Most of this section is an edited part of the README file from the original Ditz.

About PyDitz

  • PyDitz is a simple, light-weight distributed issue tracker designed to work with distributed version control systems like git, darcs, Mercurial, and Bazaar. It can also be used with centralized systems like SVN.
  • PyDitz maintains an issue database directory on disk, with files written in a line-based and human-editable format. This directory can be kept under version control, alongside project code.
  • PyDitz provides a simple, console-based interface for creating and updating the issue database files, and some basic static HTML generation capabilities for producing world-readable status pages.
  • PyDitz includes a plugin system for adding new commands.
  • PyDitz currently offers no central public method of bug submission.


You can find installation instructions and a release history on the PyDitz BitBucket page.

Using PyDitz

There are several different ways to use PyDitz:

  1. Treat issue change the same as code change: include it as part of commits, and merge it with changes from other developers, resolving conflicts in the usual manner.
  2. Keep the issue database in the repository but in a separate branch. Issue changes can be managed by your VCS, but is not tied directly to code commits.
  3. Keep the issue database separate and not under VCS at all.

All of these options are supported; the choice of which to use depends on your workflow.

Option #1 is probably most appropriate for the unsynchronized, distributed development, since it allows individual developers to modify issue state with a minimum of hassle. Option #2 is most suitable for synchronized development, as issue state change can be transmitted independently of code change, and can act as a sychronization mechanism. Option #3 is only useful with some other distribution mechanism, like a central web interface.

The PyDitz Data Model

By default, PyDitz includes the bare minimum set of features necessary for open-source development. Features like time spent, priority, assignment of tasks to developers, due dates, etc., are purposely relegated to the plugin system.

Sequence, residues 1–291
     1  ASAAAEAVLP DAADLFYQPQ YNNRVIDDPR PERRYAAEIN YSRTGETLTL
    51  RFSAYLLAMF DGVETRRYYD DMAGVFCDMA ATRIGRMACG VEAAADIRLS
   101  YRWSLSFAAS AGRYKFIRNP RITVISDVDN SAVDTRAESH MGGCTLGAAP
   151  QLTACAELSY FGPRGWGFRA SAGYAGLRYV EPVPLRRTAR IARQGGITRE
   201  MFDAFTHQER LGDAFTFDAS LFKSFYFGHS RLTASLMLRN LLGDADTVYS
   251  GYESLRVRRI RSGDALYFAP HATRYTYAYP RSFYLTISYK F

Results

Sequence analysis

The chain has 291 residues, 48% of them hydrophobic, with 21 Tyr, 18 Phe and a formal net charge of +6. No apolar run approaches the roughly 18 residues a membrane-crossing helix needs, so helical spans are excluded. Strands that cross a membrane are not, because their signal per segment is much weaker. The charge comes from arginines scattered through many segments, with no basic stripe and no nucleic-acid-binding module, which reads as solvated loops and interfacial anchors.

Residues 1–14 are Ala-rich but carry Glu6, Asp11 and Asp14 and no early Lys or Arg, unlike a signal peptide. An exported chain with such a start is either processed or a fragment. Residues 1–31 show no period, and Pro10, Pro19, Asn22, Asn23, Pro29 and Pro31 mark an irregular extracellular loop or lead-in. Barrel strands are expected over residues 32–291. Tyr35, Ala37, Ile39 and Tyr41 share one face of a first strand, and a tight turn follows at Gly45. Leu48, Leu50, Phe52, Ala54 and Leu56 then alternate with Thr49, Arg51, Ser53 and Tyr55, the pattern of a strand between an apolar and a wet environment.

A PyDitz project consists of issues, components and releases.


Issues are the fundamental currency of issue tracking. A PyDitz issue is either a feature or a bug, but this distinction currently doesn’t affect anything other than how they’re displayed.

Each issue belongs to exactly one component, and is part of zero or one releases.

Each issues has an exportable id, in the form of 40 random hex characters. This id is “guaranteed” to be unique across all possible issues and developers, present and future. Issue ids are typically not exposed to the user.

Issues also have a non-global, non-exportable name, which is short and human-readable. All PyDitz commands use issue names in addition to issue ids. Issue names (but not issue ids) may change in certain circumstances, e.g., after a drop command.

Issue names can be specified in comments, titles and descriptions, and PyDitz will automatically rewrite them as necessary when they change.


There is always one “general” component, named after the project itself. In the simplest case, this is the only component, and the user is never bothered with the question of which component to assign an issue to.

Components simply provide a way of organizing issues, and have no real functionality. Issues names are derived from the component they’re assigned to.

A release is the primary grouping mechanism for issues. Status commands like status and todo always group issues by release. When a release is 100% complete, it can be marked as released, and its issues will cease appearing in PyDitz status and todo messages.